LA 31 631/128
Signed autograph letter
On loan from Archives des musées nationaux
1 p. in-8°
Delacroix, having completed the decoration of the Chapelle des Saints-Anges in the Eglise Saint-Sulpice in July 1861, asked well-known figures and interested friends, like his cousin Pierre-Antoine Berryer (1790-1865), a brilliant lawyer, for their opinions on his work.
"Dear, I saw! I saw! Saw as much as my ignorant eyes can see. I am delighted. My regards, but I am leaving tonight. I will write to you of my trips and expect to see you before you go elsewhere. I maintain that my friendship is the most important," Berryer wrote to Delacroix in August 1861.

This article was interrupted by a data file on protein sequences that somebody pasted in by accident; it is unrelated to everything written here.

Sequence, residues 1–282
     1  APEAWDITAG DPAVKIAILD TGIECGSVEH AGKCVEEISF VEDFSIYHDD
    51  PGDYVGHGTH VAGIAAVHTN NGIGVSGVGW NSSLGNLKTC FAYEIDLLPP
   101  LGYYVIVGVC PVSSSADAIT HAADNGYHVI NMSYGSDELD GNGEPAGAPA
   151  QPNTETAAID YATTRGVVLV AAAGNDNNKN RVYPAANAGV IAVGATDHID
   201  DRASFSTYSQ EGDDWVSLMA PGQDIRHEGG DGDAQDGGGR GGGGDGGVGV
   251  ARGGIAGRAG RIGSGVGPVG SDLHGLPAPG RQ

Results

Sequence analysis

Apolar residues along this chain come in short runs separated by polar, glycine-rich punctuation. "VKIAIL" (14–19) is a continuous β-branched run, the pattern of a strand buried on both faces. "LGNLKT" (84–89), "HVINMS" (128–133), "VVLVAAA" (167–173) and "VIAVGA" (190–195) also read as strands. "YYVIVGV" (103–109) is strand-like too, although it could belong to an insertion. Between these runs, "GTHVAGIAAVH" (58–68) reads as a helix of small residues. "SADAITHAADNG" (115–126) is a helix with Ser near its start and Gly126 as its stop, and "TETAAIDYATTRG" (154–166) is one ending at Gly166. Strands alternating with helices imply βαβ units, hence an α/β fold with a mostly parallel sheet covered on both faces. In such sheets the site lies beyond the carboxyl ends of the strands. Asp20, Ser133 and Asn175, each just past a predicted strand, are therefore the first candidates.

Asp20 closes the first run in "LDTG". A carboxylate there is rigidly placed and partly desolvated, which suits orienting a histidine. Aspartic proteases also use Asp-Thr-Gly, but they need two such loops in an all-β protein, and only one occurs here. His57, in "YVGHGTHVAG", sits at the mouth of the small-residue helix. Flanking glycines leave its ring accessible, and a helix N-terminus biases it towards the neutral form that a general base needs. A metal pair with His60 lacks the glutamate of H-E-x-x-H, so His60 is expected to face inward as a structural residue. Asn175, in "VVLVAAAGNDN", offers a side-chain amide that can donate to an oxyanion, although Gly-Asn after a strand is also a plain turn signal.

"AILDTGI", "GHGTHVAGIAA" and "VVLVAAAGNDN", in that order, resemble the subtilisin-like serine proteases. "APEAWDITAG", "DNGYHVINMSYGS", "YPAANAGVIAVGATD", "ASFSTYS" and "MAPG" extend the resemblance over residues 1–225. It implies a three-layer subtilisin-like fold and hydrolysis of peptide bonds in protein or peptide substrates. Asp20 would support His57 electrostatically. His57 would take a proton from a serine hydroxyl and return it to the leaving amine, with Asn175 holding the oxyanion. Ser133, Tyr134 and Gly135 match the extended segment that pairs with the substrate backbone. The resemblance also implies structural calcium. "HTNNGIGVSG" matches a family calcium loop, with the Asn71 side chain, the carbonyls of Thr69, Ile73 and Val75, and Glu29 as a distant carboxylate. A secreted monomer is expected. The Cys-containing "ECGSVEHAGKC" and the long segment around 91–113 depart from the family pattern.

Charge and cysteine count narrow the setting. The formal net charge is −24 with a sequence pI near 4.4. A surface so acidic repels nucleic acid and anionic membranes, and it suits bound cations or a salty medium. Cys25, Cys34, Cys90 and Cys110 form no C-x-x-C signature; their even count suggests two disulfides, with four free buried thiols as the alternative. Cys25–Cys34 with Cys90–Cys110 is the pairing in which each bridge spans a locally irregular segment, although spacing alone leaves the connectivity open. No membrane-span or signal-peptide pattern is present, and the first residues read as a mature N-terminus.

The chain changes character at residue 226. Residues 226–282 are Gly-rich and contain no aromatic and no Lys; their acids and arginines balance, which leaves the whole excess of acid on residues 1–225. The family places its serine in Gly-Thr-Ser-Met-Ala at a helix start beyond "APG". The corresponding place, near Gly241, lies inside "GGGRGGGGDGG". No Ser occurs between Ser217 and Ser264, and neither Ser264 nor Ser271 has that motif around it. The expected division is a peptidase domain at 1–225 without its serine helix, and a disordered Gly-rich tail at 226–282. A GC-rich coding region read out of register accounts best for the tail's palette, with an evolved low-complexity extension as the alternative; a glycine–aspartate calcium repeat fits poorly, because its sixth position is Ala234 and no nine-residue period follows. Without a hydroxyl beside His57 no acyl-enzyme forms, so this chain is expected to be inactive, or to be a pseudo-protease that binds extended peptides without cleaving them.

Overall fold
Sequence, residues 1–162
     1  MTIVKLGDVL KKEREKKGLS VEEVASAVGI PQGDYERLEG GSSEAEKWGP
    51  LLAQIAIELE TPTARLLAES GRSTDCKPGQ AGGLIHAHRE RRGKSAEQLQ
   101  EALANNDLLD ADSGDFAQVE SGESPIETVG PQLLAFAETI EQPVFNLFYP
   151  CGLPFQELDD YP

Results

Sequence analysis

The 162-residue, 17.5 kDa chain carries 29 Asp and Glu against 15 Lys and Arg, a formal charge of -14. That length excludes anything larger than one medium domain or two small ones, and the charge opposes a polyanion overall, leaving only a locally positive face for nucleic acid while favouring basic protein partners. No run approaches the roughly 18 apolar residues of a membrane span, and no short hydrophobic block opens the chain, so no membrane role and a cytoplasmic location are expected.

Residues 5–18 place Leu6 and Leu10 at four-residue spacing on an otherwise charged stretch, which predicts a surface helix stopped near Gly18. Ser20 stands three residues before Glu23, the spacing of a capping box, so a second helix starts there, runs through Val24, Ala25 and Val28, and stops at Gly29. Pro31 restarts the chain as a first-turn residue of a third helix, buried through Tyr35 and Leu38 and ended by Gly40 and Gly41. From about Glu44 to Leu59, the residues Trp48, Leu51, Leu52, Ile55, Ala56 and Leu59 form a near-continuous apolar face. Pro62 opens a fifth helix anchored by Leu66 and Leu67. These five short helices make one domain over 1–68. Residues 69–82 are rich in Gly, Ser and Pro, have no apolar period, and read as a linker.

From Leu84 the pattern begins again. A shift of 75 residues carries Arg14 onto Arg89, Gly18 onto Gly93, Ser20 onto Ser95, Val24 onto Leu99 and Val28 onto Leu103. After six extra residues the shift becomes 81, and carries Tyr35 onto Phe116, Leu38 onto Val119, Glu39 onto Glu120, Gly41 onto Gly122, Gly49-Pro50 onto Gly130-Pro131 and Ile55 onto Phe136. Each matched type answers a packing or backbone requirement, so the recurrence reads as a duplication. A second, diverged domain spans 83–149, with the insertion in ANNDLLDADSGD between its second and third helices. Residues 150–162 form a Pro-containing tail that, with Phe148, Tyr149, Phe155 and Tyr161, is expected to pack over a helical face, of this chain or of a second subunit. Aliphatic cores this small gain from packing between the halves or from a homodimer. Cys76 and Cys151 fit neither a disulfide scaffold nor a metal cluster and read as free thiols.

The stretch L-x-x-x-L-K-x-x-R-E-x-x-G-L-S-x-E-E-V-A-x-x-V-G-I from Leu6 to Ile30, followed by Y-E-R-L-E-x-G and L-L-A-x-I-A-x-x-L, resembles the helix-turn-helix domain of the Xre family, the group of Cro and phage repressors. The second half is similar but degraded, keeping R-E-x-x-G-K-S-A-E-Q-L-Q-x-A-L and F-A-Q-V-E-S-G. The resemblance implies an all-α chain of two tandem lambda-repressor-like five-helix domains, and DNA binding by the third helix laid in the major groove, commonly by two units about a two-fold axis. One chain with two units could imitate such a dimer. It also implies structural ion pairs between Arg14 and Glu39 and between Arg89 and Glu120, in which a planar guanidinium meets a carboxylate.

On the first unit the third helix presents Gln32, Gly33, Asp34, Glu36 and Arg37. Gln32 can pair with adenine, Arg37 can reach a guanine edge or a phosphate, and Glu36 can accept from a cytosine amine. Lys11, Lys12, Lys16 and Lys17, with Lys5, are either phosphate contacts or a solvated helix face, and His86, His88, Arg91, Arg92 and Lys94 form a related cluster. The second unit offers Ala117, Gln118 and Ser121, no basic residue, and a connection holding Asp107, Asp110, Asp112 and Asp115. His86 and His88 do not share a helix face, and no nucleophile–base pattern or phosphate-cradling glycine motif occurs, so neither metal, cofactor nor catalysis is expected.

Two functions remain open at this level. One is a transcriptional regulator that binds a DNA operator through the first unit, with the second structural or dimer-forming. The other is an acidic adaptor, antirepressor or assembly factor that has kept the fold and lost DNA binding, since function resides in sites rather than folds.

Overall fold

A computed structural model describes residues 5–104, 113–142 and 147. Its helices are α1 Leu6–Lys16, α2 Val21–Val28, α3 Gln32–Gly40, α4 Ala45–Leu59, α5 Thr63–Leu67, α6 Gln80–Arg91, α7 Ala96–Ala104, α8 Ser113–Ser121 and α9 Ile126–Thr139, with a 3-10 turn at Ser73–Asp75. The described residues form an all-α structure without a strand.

Several days before the official public opening of the Chapelle des Saints-Anges in the Eglise Saint-Sulpice, Berryer, a lawyer and cousin of the artist — who had asked him to view his work in late July — finally managed to visit, despite the many cases that kept him busy. The enthusiastic tone of the letter he then wrote to Delacroix reflects his deep affection for his relative, which appears throughout their entire correspondence between 1845 and 1863.
After the painter’s death, Berryer, who had carefully saved Delacroix’s letters, recovered those he had sent. Nearly 150 letters, which remained in his family and were acquired in 1991 by the Société des Amis d’Eugène Delacroix with the participation of the Archives des Musées Nationaux, have therefore been conserved. It is a rare example of both sides of a correspondence that contains the questions and replies of the two men who were linked not only by blood, but also by intelligence as well shared interests and tastes.